Father of Gaia Hypothesis Ignites Controversy Over Nuclear Energy

James Lovelock, the renowned British scientist who first postulated in his Gaia theory that the Earth itself is a single living organism, has come out strongly in favor of a massive expansion of nuclear power throughout the world as a salvo against impending global warming.

Lovelock, now 84 and an icon of environmentalism, declared his support for nuclear expansion in an op-ed piece in Britain’s Independent newspaper last week. “I am a Green, and I entreat my friends in the movement to drop their wrongheaded objection to nuclear energy.” Lovelock is concerned by recent indications of the onset of global warming, including Greenland’s melting ice sheet and an episode of extreme heat in Western Europe last summer.

Many environmental groups, including Friends of the Earth, Greenpeace and the Sierra Club, are opposed to nuclear power and have rejected Lovelock’s call as environmental folly. These groups and their supporters warn that radioactive waste produced by nuclear fission is dangerous to all life forms for thousands of years, even if stored and disposed of according to best practices.

The international delegates at the Kyoto negotiations concluded that nuclear power is too expensive and would produce results too slowly to be a sensible choice to address climate change. In their 2003 study “The Future of Nuclear Power,” MIT researchers concluded that some 1,000 to 1,500 new reactors would have to be built worldwide by 2025 in order to put a dent in global warming. That is a tall order considering the cornucopia of economic, political, security and NIMBY challenges to building each plant.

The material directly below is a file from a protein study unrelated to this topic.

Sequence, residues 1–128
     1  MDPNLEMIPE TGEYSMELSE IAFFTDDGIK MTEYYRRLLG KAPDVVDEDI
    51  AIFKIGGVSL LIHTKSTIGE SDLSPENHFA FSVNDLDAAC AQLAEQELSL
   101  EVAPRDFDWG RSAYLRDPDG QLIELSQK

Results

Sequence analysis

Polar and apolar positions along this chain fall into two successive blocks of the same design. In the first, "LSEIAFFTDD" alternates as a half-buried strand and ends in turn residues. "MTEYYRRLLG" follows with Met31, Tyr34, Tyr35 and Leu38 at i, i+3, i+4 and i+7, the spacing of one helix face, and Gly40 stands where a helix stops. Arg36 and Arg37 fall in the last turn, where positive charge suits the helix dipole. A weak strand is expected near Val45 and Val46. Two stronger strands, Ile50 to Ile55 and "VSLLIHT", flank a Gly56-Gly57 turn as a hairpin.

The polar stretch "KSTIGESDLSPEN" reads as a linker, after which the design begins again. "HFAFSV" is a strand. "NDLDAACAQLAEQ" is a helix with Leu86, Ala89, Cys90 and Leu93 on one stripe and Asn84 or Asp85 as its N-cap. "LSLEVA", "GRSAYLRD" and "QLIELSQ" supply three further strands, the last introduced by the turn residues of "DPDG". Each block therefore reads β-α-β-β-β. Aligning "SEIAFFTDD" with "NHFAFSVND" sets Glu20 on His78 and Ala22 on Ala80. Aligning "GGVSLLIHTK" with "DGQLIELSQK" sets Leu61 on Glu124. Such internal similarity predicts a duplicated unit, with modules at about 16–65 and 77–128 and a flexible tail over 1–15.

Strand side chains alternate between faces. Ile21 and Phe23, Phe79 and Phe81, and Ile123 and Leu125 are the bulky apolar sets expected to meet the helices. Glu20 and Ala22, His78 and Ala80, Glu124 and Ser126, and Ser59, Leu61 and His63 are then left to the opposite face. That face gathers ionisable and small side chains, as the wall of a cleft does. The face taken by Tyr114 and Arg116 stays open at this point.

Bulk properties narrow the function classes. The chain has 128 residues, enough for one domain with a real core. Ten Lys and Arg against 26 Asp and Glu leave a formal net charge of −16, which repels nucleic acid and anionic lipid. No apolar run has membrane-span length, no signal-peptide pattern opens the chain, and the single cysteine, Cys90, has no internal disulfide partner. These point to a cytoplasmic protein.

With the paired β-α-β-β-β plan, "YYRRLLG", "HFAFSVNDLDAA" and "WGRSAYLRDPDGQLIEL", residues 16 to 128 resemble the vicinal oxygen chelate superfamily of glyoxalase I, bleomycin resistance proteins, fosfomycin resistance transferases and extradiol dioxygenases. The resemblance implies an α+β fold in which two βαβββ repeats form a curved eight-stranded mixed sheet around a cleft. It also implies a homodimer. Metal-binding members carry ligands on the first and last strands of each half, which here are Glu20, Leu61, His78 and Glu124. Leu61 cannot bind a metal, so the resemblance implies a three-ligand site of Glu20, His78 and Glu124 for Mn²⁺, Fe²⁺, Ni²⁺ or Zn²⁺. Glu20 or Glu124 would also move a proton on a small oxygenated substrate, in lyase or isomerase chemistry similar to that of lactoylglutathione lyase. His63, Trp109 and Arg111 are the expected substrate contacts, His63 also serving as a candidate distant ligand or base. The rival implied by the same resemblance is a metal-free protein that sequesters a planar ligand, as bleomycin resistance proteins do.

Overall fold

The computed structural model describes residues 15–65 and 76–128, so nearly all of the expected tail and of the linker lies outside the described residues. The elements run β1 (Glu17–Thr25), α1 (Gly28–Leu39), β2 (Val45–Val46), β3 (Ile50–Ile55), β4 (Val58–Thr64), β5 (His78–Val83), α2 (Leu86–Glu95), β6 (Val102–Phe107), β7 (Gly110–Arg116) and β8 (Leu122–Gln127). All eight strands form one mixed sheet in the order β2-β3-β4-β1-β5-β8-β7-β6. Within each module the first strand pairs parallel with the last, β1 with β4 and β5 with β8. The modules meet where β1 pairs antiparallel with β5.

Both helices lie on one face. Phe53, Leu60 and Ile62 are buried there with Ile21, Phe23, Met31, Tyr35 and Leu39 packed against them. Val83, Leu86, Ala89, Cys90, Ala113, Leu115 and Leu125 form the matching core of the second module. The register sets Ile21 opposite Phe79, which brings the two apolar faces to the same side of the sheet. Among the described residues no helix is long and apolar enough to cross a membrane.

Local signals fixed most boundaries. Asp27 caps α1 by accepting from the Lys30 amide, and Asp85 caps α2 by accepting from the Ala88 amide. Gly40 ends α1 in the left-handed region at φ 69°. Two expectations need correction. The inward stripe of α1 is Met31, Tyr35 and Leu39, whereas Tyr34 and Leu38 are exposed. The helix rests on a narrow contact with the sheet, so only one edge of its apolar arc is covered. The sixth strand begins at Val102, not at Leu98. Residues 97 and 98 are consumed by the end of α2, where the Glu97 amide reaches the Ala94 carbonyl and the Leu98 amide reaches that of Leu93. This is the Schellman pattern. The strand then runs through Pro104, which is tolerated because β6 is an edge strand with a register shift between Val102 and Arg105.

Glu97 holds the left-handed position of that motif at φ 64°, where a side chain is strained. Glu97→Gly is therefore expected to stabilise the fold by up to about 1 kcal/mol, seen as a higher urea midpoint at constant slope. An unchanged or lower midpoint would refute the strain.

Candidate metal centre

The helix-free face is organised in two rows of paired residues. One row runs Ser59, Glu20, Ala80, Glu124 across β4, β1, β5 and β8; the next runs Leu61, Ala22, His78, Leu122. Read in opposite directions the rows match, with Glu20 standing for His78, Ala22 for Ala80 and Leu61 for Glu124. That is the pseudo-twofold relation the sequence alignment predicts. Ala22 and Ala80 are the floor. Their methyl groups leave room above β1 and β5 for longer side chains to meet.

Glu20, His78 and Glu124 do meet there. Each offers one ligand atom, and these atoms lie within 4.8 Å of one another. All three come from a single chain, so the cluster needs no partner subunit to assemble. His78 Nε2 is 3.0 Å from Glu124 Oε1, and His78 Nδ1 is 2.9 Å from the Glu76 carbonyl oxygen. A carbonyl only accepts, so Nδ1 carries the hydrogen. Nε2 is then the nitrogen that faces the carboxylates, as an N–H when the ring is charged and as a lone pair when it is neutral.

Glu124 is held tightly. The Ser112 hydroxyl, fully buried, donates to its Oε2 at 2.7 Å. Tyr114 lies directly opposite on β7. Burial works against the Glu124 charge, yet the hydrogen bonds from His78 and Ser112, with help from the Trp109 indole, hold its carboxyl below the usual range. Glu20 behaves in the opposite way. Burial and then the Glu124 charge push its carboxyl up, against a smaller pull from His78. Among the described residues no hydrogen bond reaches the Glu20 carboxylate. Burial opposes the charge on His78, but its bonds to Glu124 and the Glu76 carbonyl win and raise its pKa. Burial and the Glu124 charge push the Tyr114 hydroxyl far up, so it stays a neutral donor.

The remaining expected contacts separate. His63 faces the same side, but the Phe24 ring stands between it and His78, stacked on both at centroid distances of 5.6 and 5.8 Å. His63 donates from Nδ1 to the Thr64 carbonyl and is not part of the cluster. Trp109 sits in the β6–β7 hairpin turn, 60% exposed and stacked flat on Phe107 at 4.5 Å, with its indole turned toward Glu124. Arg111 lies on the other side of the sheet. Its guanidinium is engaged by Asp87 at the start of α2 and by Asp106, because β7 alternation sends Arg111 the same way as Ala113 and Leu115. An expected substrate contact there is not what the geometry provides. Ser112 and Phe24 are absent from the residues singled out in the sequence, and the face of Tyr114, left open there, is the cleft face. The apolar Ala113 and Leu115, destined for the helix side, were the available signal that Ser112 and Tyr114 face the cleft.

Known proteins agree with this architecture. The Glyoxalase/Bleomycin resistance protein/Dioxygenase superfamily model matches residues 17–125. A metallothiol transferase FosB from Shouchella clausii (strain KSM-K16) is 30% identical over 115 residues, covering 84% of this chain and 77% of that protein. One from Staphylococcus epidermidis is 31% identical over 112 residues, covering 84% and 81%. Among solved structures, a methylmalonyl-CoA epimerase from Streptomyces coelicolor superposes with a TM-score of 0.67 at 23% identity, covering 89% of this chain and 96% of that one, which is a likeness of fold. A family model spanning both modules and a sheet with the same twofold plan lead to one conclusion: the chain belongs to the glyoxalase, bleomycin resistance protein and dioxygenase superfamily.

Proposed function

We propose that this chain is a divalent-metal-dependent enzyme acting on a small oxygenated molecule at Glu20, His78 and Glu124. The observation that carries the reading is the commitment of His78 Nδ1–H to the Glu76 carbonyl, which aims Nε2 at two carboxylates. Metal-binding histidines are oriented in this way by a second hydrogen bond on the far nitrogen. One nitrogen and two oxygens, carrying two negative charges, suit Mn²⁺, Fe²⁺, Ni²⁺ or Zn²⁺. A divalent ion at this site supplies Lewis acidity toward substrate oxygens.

The Washington, D.C.-based Nuclear Information and Resource Service (NIRS) argues that the construction and preparation of nuclear facilities and fuels actually uses a tremendous amount of fossil fuels and results in a substantial amount of pollution and greenhouse gases. NIRS and many other environmentalists argue that energy conservation and renewable technologies provide much cheaper, safer and cleaner ways to address global warming.

Lovelock disagrees. “Every year that we continue burning carbon makes it worse for our descendants and for civilization,” he says. “The Green lobbies, which should have given priority to global warming, seem more concerned about threats to people than with threats to Earth.” Paul Gunter of NIRS counters, “Promoting nuclear power to mitigate global warming would be simply trading one disaster for another.”

Source: http://news.independent.co.uk/uk/environment/story.jsp?story=524663